The Commission presents its Work Programme for 2020.

SW – 11/2019

European standardization is meant to buttress companies’ competitiveness and contribute to product safety. On 28 October 2019, the European Commission presented its annual Work Programme and Annexe for 2020. This programme sets out the contracts envisaged by the Commission aiming to develop or revise harmonized European standards as well as its extended strategic priorities for the coming year.

Standardization mandates to bolster EU legislation

From the perspective of the German Social Insurance, the focus is to be set on such fields as health, labour protection, as well as the standardization to support compliance with accessibility requirements for products and services.


In line with Council Directive 96/29/Euratom laying down basic safety standards for the protection of the health of workers and the general public against the dangers arising from ionizing radiation, the Commission intends to mandate harmonized standards for the design, manufacture, setting up, utilization, and performance check of radionuclide calibrators. The Commission intends to make a contribution to the dose optimization process by reviewing the radiation dose administered to patients through radionuclide calibrators.


The revision of standards aiming to support the implementation of the directive 2014/34/EU on the harmonization of the laws of the Member States relating to equipment and protective systems intended for use in potentially explosive atmospheres is meant to help us stay abreast of technological progress.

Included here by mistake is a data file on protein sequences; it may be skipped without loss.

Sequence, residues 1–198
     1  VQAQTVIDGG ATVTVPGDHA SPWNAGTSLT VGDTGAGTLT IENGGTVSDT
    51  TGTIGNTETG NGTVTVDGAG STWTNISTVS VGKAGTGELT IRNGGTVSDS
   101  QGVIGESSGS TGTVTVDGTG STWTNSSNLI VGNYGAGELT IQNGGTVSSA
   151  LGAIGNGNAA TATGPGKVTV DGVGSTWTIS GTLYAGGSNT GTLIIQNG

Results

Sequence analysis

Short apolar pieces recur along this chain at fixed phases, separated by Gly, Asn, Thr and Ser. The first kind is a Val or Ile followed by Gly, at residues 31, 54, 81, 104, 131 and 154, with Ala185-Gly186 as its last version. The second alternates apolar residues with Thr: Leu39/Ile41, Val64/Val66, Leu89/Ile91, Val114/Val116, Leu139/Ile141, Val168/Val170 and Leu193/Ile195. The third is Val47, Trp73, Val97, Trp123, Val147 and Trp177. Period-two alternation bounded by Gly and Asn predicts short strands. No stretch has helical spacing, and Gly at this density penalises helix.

The Commission also intends to mandate harmonized standards to support compliance with accessibility requirements for products and services under Directive (EU) 2019/882. The aim is to harmonize the approaches used by manufacturers and service providers to comply with certain accessibility features.

Strategic orientation of standardization

Besides standardization aimed to support existing EU legislation, the strategic focus, too, is of interest to the European standardization system. The focus is, among other things, on cyber security and cyber defence, which in view of the machine safety and the handling of these machines in the workplace appear to be of growing importance for labour protection. The Commission wants European standardization organizations to concentrate on the development of standards helping to improve safety protocols, early detection and containment of cyber attacks as well as of those ensuring the interoperability of diverse Internet of Things networks.


Another focus is on the European interchange format for electronic patient records. The Commission wants the standardization organizations to support the deployment of the format it has recommended. To achieve this goal, standards for the protection of patient records should be developed and the safety of network and information systems serving as a basis for electronic patient records should be guaranteed.


As the Commission sees it, European standardization organizations should give high priority to the subject of “artificial intelligence” and the development of standards which reflect the European approach to the operation of systems based on AI. Standardization is meant to assist in coping with challenges resulting from AI technologies, especially with regard to safety, liability and ethic aspects.

Looking ahead

As has been announced in its European Standardization Work Programme for 2019, the Commission intends to take a closer look at the economic and socio-political implications of standardization. To this end, the Commission will launch a study, the results of which will be available in 2021.